An article in the New York Times described a phrase called “unit bias”. Unit bias is defined as an individual’s tendency to take whatever “unit” or “portion” of food they are served, and consider this a standard sized meal.
What this means is that if you purchase a container of yogurt at the grocery store, you’re most likely to eat the entire container because you consider this a meal. Or if the typical person receives a plate of food at a restaurant, they are likely to think of this as a standard serving, and consume the entire plate. Or, if a soda is purchased at a fast food restaurant and comes in a 20oz cup, most of us will drink the entire cup. This is because we take our eating cues from culture norms. So if the culture norm is large we will eat large.
For instance, take yourself back to that yogurt container. A container of yogurt in a French supermarket is half the size of
its American counterpart. France, incidentally, has significantly less obesity problems than America. And we all know that portion sizes in restaurants have only increased in the past decade (taken a look at a “healthy” restaurant salad lately), as have the size of soda bottles (the 20oz bottle is now more prevalent than the 12oz can).
As portion sizes have increased, so have our waistlines. The “unit bias” argument says that we do this because we tend to accept a culturally defined serving size as what a normal quantity to eat. So what are some practical ways you can fight unit bias? Here are 5 key portion control tips that will help you to burn through that storage fat on your stomach and reveal your waistline…
- Modify your order at a restaurant. Ask the kitchen to bring you “half” the normal portion size, and package the other half in a box for you to take home. Or order from the lunch entree menu rather than the dinner entree menu.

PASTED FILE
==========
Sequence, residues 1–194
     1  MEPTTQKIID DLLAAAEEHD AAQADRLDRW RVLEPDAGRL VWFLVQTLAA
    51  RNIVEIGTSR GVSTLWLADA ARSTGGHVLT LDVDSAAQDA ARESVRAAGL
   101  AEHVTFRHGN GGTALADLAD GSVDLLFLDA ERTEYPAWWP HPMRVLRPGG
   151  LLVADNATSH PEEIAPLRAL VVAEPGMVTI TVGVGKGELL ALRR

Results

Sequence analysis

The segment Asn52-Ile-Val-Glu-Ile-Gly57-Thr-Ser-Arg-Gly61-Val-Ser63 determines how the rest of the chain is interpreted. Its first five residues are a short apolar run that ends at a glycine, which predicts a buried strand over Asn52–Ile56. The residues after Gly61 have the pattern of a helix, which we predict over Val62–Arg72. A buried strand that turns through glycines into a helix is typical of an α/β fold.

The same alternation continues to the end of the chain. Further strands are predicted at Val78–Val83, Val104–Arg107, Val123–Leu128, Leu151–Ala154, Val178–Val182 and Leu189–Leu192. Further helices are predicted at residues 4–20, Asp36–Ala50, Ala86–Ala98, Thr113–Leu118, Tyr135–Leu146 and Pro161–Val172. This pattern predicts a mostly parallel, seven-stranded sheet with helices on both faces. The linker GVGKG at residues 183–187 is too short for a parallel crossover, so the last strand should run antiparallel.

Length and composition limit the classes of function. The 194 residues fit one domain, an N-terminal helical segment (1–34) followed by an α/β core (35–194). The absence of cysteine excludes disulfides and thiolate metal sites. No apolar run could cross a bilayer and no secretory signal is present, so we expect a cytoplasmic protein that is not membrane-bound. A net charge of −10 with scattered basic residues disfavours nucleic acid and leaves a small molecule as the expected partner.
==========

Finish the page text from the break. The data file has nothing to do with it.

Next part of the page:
- Purchase smaller versions of any packaged foods that you eat. For instance, if you must consume processed or packaged foods, choose a can of soda over of a bottle, pick the smallest baked good at the coffee shop, and buy the “mini” versions of any candy or snack bars, when available.
- Use smaller measuring devices. When cooking at home, choose a teaspoon over a tablespoon or a small measuring cup over a large measuring cup, whether adding sugar, chocolate chips, molasses, or any other high calorie ingredient to a recipe.
- Never eat out of the package. For instance, when consuming potato chips, take your serving of chips out of the bag and put them in a small plate or bowl. You’ll be more aware of how many you’re eating, and the serving will appear larger. Avoid food combining. For instance, at the company potluck, pick “just fruit” or “just meat” or “just pasta”, and consume only those types of foods. You’re likely to eat less, and pile less on your plate.
That’s all for now! If you want more nutritional advice, you may want to look into a nutritional analysis from Pacific Elite
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M.S. PE, NSCA-CPT, CSCS